• Divide students into groups of three to four. Have students share with their group members, who read different articles in Step 4, what they learned about the costs of summiting Everest. Have students record new ideas from their group’s discussion to their Cost of the Climb worksheet.
    • Conduct a class discussion for students to share their responses to the final question on the Cost of the Climb worksheet. Ask: What are the major impacts of climbing Mount Everest on the mountaineers? What about on the mountain?
    • Conclude the discussion with: The influential mountaineer Reinhold Messner is rumored to have said, “Everyone knows what climbing mount Everest costs; but only a few know what it is worth.” What do you think? 

Informal Assessment

Collect and review students’ Cost of the Climb worksheet, looking for at least one example of each type of cost (physical, financial, material, personnel, and environmental). Make suggestions for resources to review for students who may be missing examples from the main cost categories.

Extending the Learning

Math and Computer Skills Extension: Have students use the resources provided in this activity to predict an overall cost for an individual climbing Mount Everest that includes travel, equipment, personnel, and other potential monetary expenses. Students practice using computer-based spreadsheets to label and categorize data and develop formulas to predict expenses. Use the spreadsheet to create a graph that breaks down the fraction/percentage of expenditures for items such as regulatory fees, supplies, and expedition charges.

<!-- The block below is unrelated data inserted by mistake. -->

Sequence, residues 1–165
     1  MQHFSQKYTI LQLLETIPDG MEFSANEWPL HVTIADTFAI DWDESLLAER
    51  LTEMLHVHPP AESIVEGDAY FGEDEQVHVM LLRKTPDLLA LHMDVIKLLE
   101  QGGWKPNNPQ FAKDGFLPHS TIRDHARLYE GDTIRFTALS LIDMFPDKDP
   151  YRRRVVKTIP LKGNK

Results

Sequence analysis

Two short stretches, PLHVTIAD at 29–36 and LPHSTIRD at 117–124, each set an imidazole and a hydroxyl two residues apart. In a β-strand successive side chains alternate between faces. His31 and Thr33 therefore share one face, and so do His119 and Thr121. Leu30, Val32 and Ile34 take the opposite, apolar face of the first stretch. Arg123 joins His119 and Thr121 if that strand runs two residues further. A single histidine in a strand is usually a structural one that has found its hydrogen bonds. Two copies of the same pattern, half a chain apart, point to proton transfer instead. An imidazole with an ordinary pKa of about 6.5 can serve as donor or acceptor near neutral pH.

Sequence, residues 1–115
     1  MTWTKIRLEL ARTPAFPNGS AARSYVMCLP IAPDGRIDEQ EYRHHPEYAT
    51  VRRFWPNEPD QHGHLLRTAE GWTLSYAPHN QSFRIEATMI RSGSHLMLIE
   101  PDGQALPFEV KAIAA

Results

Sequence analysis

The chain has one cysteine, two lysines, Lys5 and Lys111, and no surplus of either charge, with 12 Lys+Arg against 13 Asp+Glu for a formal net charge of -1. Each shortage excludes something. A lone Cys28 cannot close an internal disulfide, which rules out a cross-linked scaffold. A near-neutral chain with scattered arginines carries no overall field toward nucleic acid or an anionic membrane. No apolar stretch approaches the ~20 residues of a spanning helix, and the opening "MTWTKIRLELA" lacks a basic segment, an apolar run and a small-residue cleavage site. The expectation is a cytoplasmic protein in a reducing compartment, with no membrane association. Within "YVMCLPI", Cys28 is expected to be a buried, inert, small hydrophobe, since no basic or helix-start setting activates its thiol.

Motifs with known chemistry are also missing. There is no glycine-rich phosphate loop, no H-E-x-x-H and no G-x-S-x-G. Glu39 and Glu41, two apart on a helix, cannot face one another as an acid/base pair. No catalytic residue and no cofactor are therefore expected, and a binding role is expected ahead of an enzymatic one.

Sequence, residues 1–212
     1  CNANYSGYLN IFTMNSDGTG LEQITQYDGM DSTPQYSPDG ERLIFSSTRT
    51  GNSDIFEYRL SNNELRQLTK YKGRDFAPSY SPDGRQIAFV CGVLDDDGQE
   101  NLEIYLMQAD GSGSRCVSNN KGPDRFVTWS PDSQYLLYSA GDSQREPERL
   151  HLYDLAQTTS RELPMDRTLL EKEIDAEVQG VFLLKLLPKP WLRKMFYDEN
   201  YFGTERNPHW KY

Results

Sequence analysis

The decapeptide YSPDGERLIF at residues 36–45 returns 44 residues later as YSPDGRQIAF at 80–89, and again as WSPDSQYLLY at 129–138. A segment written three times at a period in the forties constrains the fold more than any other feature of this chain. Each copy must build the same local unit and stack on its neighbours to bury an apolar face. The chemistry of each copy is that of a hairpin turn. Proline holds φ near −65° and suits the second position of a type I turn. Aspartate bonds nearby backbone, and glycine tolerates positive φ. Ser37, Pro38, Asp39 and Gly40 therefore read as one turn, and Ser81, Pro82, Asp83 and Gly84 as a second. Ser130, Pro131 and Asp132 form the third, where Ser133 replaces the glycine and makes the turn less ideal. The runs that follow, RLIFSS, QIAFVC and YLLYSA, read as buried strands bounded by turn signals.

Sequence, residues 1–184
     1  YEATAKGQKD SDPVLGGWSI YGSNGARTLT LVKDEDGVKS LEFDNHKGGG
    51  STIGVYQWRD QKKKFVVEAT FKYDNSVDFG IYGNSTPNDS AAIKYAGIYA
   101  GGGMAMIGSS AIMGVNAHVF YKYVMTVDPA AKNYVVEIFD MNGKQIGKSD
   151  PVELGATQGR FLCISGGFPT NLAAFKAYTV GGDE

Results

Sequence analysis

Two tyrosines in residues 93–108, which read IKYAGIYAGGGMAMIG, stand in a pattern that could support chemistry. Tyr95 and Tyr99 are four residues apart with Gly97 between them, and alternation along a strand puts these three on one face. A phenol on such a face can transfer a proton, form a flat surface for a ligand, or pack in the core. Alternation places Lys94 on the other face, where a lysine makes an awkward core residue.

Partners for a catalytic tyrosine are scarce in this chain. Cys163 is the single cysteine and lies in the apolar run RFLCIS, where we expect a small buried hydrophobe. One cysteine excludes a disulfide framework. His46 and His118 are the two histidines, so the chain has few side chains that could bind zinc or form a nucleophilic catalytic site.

ELA Argumentative Writing: Have students debate verbally or through argumentative writing whether or not climbers should tackle Mount Everest if they are heavily reliant upon supports.

Subjects & Disciplines

  • Biology
    • Health
  • English Language Arts
  • Social Studies
    • Economics

Learning Objectives

Students will:

  • Identify and categorize the costs of climbing Mount Everest.
  • Understand that not all costs are financial.

Teaching Approach

  • Project-based learning

Teaching Methods

  • Discussions
  • Jigsaw
  • Multimedia instruction

Skills Summary

This activity targets the following skills: